8 Very Important Tips for Visiting Petra, Jordan

Last Updated on July 3, 2023

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One of the best experiences I have ever done was travelling to Jordan and visiting Petra, considered one of the 7 wonders of the world.

Since there are actually quite a few things to do in Petra, people tend to underestimate the time it takes to visit and explore Petra,

It’s quite a big place and I spent the entire day exploring nearly every inch of it, and I could have happily come back the next day too (and it’s better value if you buy a two-day pass).

There’s more to Petra than just the treasury, there are tonnes to see!

So if you’re prepared enough, you can make the most out of your time there. That’s why I’ve put together this guide on visiting Petra.

Below are my top tips for Petra Jordan, including how do you get to Petra, what to see in Petra, and the Petra entrance fee.

🧳 MUST-HAVE: Before you head out on your trip, make sure you have travel insurance. My #1 recommendation is SafetyWing!

Here are 8 top tips for visiting Petra, Jordan!

1. Go early

When is the best time to visit Petra? I recommend you arrive at the entrance around 7 am or 8 am.

This way you will get to explore before the mass crowds come and you will get to enjoy the place with minimal people around.

Not only will you miss the mass tour buses but also the heat. It gets hot in the desert so get up early and make the most out of the day before the sun blares down on you.

Or you can do what I did and visit in the winter! It was snowing only 15km away but it was kind of nice exploring Petra in the cold!

Remember these dos and don'ts in Jordan, view of large stone structure carved into a larger rocky mountain with many columns and tall doorways

2. Take the hike up to Monastery

You won’t be a loss for what to do in Petra Jordan, but do not miss the monastery.

It may seem too far away but trust me it’s worth it. In my opinion, it was more impressive than the Treasury.

It’s much larger and there wasn’t a lot of people up there enjoying it either! You also get the most amazing views of Petra from up high.

I would recommend the viewpoint furthest away. It has jaw-dropping views of the Jordan canyons and villages down below.

There are a few small cafes where you can have a beverage and enjoy the view – highly recommend it!

Try out these things to do in Petra, two donkeys trotting past the ruins of a large brick building with some trees and tall rocky hills behind

3. Don’t get scammed

Unfortunately, nearly every tourist spot you go, there is the possibility that you may get scammed.

The biggest scam I have heard, fortunately, I never encountered this, is the fake Bedouins who claim they are the original people that lived in the caves.

Yes, Bedouins were the ones living in the Petra cave until the government moved them into a village down below so Petra could be saved and preserved.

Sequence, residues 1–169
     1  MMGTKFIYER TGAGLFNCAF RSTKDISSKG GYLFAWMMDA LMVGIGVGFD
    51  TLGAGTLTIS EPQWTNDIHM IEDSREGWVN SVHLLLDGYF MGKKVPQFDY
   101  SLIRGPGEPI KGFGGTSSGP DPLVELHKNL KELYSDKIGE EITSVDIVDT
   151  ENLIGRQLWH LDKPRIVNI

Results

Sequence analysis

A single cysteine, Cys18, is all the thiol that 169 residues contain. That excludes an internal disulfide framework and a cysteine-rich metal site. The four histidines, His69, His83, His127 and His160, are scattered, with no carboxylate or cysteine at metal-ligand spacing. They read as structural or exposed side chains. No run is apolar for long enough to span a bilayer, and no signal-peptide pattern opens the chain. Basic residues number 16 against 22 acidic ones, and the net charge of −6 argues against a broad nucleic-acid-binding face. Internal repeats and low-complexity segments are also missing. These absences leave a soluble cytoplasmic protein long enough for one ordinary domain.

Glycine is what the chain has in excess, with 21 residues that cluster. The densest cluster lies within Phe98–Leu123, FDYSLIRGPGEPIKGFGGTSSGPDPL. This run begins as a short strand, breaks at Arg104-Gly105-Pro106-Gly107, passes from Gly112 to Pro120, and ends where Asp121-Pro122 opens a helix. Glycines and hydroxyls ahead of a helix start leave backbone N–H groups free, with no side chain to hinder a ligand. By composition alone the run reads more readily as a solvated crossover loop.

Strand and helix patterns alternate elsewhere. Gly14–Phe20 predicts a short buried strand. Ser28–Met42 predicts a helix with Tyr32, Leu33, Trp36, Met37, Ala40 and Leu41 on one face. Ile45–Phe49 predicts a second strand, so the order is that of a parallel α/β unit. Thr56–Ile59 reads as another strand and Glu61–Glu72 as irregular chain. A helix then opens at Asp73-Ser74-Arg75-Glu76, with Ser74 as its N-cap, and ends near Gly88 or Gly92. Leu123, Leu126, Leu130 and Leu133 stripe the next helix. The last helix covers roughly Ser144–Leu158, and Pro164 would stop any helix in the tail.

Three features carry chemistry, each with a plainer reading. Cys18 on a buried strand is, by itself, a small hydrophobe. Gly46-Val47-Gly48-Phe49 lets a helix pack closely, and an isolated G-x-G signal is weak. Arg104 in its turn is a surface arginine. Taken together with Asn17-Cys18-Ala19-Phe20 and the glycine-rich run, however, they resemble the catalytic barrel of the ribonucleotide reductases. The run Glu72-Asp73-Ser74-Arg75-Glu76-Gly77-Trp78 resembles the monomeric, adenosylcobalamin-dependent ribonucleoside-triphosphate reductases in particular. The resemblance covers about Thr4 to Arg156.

Unfortunately, there are people faking their Bedouin status and offering to show women to their caves.

If you have a conversation with one of these people just be polite, cut it short and pretend you must meet back up with your partner or something.

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Find out how to get to Petra, view of a large range of rocky mountains stretching off into the distance with the hazy horizon and a wide azure blue sky behind

4. Visit Marguerites stand

Marguerite van Geldermalsen (from New Zealand) visited Petra in the summer of 1978 and fell in love with a Bedouin.

She experienced living in the caves and living life as a Bedouin for many years. She has written a book on her life as a Bedouin called ‘Married to a Bedouin’.

You can buy a copy of her book at Petra. She usually has a stall there selling her book so if she is there you should totally say hello!

Unfortunately, she was in the village when I was in Petra so I missed her.

Accommodation near petra

Discover what to do in Petra, a saddled-up camel sitting in the shade of a large stone structure with two other saddled standing camels behind

5. Don’t ride the animals

Like most of the tourism industry, animals are caught up in the show. The donkeys, camels and horses are overworked and poorly treated so I would not recommend using them to get anywhere.

Everything is walkable. Even though the monastery is far and uphill I would not recommend riding a donkey up there.

Please think twice before supporting them! You will also see horse and carts taking people from the entrance to the Treasury.

It’s only a short walk so I would not bother! Save your money to support something else in Petra like the local handicrafts.

Make sure to visit Petra Jordan, person holding selfie stick walking through a series of winding canyons carved into some massive stone structures with the sun shining down beyond


One of the biggest dos and don’ts in Jordan is that you need to dress respectively. This goes anywhere in the Middle East, really.

Most of the country’s population is Muslim so dressing respectively, especially as a woman is a given. It will attract less attention and you will be more respected in the community.